Euro 2016 Betting
Euro 2016 Betting Preview
With European club football nearing the end of the 2015-16 season, attention is rapidly starting to focus on Euro 2016 which gets underway on Friday 10th June.
Over the next few weeks there will be a plethora of Euro 2016 betting previews available across a variety of media outlets. The bookmakers will also be keen to cash-in on a major sporting event, so expect a deluge of tempting Euro 2016 betting offers and Euro 2016 free bets to help get you in the mood.
Outright Winner (at time of writing)
- France 7/2; Germany 7/2; Spain 6/1; England 9/1; Belgium 12/1; Italy 16/1; Portugal 25/1; Croatia 33/1; Austria 50/1; Poland 66/1; Russia 66/1; Switzerland 80/1; Turkey 80/1; Wales 80/1; Sweden 100/1; Czech Republic 125/1; Iceland 125/1; Ukraine 125/1; Republic of Ireland 150/1; Slovakia 150/1; Romania 250/1; Hungary 350/1; Albania 500/1 and Northern Ireland 500/1.
The bookies are generally offering 1/2 the odds for an each-way bet to reach the final.
- Thomas Muller 8/1; Cristiano Ronaldo 9/1; Antoine Griezmann 12/1; Robert Lewandowski 16/1; Romelu Lukaku 18/1; Harry Kane 20/1; Olivier Giroud 20/1; Diego Costa 25/1; Alvaro Morata 28/1; Anthony Martial 33/1; Zlatan Ibrahimovic 33/1; Paco Alcacer 33/1; Alexandre Lacazette 33/1; 40/1 bar.
The bookies are generally offering 1/4 the odds for an e/w bet on the top four goalscorers, although you need to be aware of dead-heat rules in the event of a tie.
Poland might not be expected to be among the contenders to win in the Euro 2016 betting, but in Robert Lewandowski they have a striker of the highest quality who bagged 13 goals in qualification and looks well-priced to be Euro 2016 top goalscorer.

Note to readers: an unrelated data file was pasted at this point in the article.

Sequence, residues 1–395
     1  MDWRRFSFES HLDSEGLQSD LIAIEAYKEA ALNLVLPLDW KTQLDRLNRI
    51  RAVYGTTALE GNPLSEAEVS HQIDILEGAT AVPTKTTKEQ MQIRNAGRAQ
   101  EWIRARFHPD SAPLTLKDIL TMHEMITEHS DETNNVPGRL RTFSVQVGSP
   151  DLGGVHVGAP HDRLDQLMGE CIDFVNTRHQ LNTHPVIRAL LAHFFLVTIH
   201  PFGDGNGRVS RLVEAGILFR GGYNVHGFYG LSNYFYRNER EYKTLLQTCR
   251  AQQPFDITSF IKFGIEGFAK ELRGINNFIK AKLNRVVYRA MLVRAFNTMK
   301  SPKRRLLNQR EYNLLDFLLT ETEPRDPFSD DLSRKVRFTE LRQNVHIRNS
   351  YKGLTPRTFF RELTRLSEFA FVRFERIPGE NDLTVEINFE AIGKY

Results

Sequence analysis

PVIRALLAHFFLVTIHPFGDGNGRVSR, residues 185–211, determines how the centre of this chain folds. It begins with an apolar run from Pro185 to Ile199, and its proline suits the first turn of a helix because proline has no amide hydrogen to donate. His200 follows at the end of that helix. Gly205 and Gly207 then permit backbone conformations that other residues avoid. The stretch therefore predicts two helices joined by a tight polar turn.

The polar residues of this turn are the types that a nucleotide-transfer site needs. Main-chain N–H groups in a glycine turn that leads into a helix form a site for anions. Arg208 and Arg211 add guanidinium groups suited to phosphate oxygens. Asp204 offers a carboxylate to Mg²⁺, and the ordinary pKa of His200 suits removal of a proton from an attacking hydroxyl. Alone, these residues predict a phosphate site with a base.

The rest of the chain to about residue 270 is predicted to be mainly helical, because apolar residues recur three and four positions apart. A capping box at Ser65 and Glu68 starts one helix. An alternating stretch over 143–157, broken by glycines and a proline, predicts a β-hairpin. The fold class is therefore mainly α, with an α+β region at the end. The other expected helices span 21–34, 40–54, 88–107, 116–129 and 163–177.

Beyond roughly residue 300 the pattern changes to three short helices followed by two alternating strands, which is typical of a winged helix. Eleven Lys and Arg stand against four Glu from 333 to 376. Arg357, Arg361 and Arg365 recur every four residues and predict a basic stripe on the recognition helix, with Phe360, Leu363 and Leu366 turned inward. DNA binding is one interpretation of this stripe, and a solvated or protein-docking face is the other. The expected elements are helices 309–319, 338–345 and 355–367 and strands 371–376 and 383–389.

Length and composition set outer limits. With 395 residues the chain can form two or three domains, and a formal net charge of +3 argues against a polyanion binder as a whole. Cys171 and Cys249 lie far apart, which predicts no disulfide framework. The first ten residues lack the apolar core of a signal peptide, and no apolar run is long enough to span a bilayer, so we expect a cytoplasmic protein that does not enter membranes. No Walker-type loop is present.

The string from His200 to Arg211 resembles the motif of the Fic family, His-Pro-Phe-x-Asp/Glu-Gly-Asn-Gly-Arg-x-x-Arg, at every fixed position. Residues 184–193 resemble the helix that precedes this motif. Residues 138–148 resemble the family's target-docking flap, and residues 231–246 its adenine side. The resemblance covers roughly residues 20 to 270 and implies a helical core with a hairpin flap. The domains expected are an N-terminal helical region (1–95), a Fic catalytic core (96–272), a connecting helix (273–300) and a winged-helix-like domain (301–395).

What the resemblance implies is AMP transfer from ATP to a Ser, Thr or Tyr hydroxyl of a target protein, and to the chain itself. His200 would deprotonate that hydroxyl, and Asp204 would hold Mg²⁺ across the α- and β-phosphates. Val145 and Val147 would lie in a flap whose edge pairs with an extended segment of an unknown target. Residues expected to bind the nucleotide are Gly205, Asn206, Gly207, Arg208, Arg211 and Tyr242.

Germany are even money with Skybet to reach the semi-finals and that looks a very decent Euro 2016 bet. It’s not often the Germans disappoint on the big stage.
There’s no one dominant team that stands out with regards to Euro 2016 outright betting going into the tournament.
As World Cup holders and given their consistency at major tournaments, Germany should be on everyone’s shortlist of potential winners. The topped their group in qualifying, but they weren’t altogether convincing at times.
Two-time defending champions Spain might not be quite the force they were a few years back, but they came through qualification winning nine of their 10 matches and conceding just three goals.
Big things have been expected of Belgium for a few years now and the squad is probably just about coming into its peak age-wise going into the Euros. They’ve recently slipped to number two in the FIFA world rankings, but are still top of the pile as far as UEFA countries are concerned.
Host nation France are vying with Germany for favouritism and it’s easy to see why. Didier Deschamps has a squad that looks well-balanced, with cover in just about every position. There is also a decent mix of youth and experience and, of course, they have the not insignificant benefit of playing in their own stadia and before their own supporters.
The downside is that Karim Benzema has already been omitted from Deschamps’ plans for his alleged role in the sex tape plot to blackmail fellow French international, Mathieu Valbuena. With the French national team having a fair bit of history when it comes to infighting, dealing with the situation well ahead of the finals was a sensible decision.
The other issue is that they could have a shortage of options in central defence, depending on injury and suspension developments. Chelsea’s Kurt Zouma is already ruled out as a long-term injury absentee, Jeremy Mathieu faces a race against time to be fit and Mamadou Sakho faces the possibility of a lengthy ban for a failed drug test.